Three Rotten Classic Books I Never Want to See Again

When I was in school, I was forced to read any number of books that I hated. By this method, schools do a pretty solid job of turning off many kids from reading for good. God forbid you should read anything “fun,” or “readable,” or “not boring and shitty.” No, no: It’s a steady diet of Johnny Tremain and opaque Toni Morrison novels for you. Your assignment tonight is to read 70 pages of Song of Solomon, or slit your wrists and never come back to school. LEARNING.

Everyone has a classic book, one that’s adored by English teachers and hipsters the world over, that they can’t stand. I don’t think you should feel guilty about it. I don’t think you should be forced year after year to sit in silence while other people rhapsodize about a classic book you secretly despised. Here are three such books I never want to see again.

THE GREAT GATSBY
Not only did this book cause people to think that rich people are interesting (they aren’t), it essentially created the entire modern “white people problems” class of novel that still persists to this day. OOOOH, LOOGIT ME! I’M JAY GATSBY AND I’M FILTHY RICH AND I THROW HUGE PARTIES BUT MY HEART STILL ACHES FOR THE ONE GIRL I CAN’T BANG! Way to go, F. Scott Fitzgerald. Way to cause every rich Ivy League douchebag out there to throw white parties and drive while shit-faced. I hate you. Did you know that Baz Luhrmann is making a movie out of this, and that it’s going to be in 3D? And that it’s going to be fucking horrible? There is nothing good about a book that inspires the Moulin Rouge! guy to make a movie no one wanted in a format no one likes. I bet it features a six-minute musical number, because Baz Luhrmann is a shithead.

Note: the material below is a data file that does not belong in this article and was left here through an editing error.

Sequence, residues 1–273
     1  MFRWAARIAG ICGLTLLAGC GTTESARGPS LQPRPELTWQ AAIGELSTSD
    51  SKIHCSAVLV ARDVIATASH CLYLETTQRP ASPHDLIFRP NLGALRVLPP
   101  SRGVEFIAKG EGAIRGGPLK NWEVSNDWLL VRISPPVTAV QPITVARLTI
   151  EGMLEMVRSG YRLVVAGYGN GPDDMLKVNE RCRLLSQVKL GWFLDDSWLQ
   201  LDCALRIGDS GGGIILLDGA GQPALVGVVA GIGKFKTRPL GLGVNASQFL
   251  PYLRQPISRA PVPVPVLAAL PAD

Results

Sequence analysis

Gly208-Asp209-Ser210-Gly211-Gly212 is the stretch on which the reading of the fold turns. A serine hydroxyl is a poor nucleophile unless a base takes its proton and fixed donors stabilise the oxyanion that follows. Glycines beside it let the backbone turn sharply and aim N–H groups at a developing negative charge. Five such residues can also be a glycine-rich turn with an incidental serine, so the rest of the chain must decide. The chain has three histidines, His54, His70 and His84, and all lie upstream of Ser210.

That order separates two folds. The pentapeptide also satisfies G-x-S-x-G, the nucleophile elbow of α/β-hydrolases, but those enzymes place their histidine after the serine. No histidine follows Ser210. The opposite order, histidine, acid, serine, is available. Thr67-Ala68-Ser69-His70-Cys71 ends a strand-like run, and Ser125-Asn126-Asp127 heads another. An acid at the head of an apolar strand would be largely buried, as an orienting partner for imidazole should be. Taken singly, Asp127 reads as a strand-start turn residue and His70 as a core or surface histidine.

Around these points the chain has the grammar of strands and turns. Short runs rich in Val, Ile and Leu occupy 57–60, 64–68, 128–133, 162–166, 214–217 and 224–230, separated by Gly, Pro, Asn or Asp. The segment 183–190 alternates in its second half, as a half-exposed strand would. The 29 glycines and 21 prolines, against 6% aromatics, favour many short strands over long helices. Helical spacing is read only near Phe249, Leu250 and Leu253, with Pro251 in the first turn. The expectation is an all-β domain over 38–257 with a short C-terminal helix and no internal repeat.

CRIME AND PUNISHMENT
There are paragraphs in this book that go on for DAYS. In fact, that seems like a staple or any and all Russian literature: NO PARAGRAPH BREAKS. Just an endless march through a literary gulag, with no stops for water or peepeeing. God forbid Dostoyevsky ever bother to hit the carriage return. No, no. Wouldn’t want to let the reader off easy like that. No, best to write paragraphs that are 10,000 words long, so that your eyes aren’t allowed to blink and re-moisten for 20 minutes at a time, until you just wanna find an old woman and bury an ax into her head. Let my eyes BREATHE, dick. When I was in school, everyone referred to books like this as “eating cement.” These are books that you have to sit there and just will yourself to digest, taking in page after goddamn page without remembering one single thing that you had just read. Oh, I tried absorbing the book. I really did. And when my teacher asked me a question about it and I gave him a blank stare because all that shit went over my head, it wasn’t because I had failed to read the book. I read it. Honest to God. But I took in NONE of it. They may as well have left it in the original Russian for me to read. And you know what? I just looked at an excerpt of it today for this piece and I still begin glazing over the words after two sentences.

THE HOBBIT
Why wasn’t Bilbo the one who killed the dragon? I spent hundreds of pages waiting for Bilbo to get to kill the dragon, and then what happens? Some random-ass Bard does the deed. From out of nowhere! What the fuck? Then everyone fights over the dragon’s estate, like it’s a goddamn episode of “Dallas” or something. Total bullshit. This is why we have Peter Jackson: To make these stories better. I don’t give a shit about the bureaucratic difficulties of an imaginary realm. THAT ISN’T THE FANTASY I HAD IN MIND.



Drew Magary writes for Deadspin, NBC, Maxim and Kissing Suzy Kolber—a humor site dedicated to the NFL. The Postmortal, now out from Penguin, is his first novel. You can follow Drew on Twitter.